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The function and regulation of LFA-3 in oral mucosal inflammation

Kirby, Alun C.; (1999) The function and regulation of LFA-3 in oral mucosal inflammation. Doctoral thesis (Ph.D), UCL (University College London). Green open access

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Abstract

The adhesion molecule lymphocyte function-associated antigen 3 (LFA-3), the major ligand of the T lymphocyte receptor CD2, is involved in cellular adhesion, activation and functional modulation. However, the role of LFA-3 and regulation of LFA-3 expression in oral mucosal and other diseases is poorly understood. The role of LFA-3 was investigated in the inflammatory disease oral lichen planus (OLP). Expression of LFA-3 was found to be up-regulated in OLP lesions compared with healithy oral tissues. Two distinct expression patterns were identified in OLP lesions - intracellular LFA-3 was localised within a population of infiltrating cells, and a 'soluble' form of LFA-3 (sLFA-3) was apparent within affected tissues. In contrast with the increased lesional expression of LFA-3, systemic sLFA-3 levels were not significantly altered in the sera of OLP patients compared with control subjects. RT-PCR of mRNA from OLP, other oral mucosal diseases and healthy oral mucosa revealed LFA-3 mRNA isoform expression to be neither tissue- nor disease-specific. However, a novel in vivo isoform of LFA-3 mRNA was detected. This mRNA isoform was cloned, sequenced and identified as LFA-3 AD2. Possible mechanisms for LFA-3 regulation and sLFA-3 generation in vivo were investigated in vitro. An intracellular pool of LFA-3 was demonstrated to be present within a range of cell lines. Although both surf ace and intracellular LFA-3 expression were relatively unaffected by inflammatory cytokines, the release of sLFA-3 from these cells was susceptible to cytokine-mediated modulation. Differential susceptibility to cleavage of surface LFA-3 by a phospholipase C (PLC) was demonstrated. PLC-mediated LFA-3 cleavage, a possible mechanism of sLFA-3 generation, was found to be associated with an increase in intracellular LFA-3 followed by replacement of LFA-3 at the cell surface. Finally, the in vivo role of LFA-3 in OLP was examined by adaptation of the Stamper-Woodruff adhesion assay. The results of these antibody blockade studies suggest that LFA-3 may be of equivalent importance to intercellular adhesion molecule 1 (ICAM-1) for lymphocyte adhesion within the OLP inflammatory infiltrate, and may be a potential therapeutic target for the control of OLP.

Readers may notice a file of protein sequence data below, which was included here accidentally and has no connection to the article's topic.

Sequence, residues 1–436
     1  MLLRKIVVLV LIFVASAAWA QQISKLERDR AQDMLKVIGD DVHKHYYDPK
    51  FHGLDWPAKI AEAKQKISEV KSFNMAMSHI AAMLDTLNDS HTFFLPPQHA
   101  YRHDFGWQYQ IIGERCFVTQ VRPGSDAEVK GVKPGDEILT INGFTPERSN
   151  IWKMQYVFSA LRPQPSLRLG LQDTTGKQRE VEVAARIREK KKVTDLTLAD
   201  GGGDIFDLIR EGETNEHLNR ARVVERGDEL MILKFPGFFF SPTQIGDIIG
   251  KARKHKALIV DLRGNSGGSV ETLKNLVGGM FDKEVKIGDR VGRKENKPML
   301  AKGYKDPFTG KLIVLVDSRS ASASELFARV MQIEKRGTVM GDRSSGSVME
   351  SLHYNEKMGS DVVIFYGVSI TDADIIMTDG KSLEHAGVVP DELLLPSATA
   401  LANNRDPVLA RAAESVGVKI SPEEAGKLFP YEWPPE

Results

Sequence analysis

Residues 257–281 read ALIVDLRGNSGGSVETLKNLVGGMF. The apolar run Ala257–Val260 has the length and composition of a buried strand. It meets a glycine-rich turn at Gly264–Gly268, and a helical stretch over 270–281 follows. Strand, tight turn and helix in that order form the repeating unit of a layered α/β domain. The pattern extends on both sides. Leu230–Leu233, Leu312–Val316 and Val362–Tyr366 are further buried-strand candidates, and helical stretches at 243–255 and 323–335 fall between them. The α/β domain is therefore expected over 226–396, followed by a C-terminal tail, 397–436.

Type: Thesis (Doctoral)
Qualification: Ph.D
Title: The function and regulation of LFA-3 in oral mucosal inflammation
Open access status: An open access version is available from UCL Discovery
Language: English
Additional information: Thesis digitised by ProQuest.
Keywords: Health and environmental sciences; Lymphocyte function-associated antigen
URI: https://discovery.ucl.ac.uk/id/eprint/10114340
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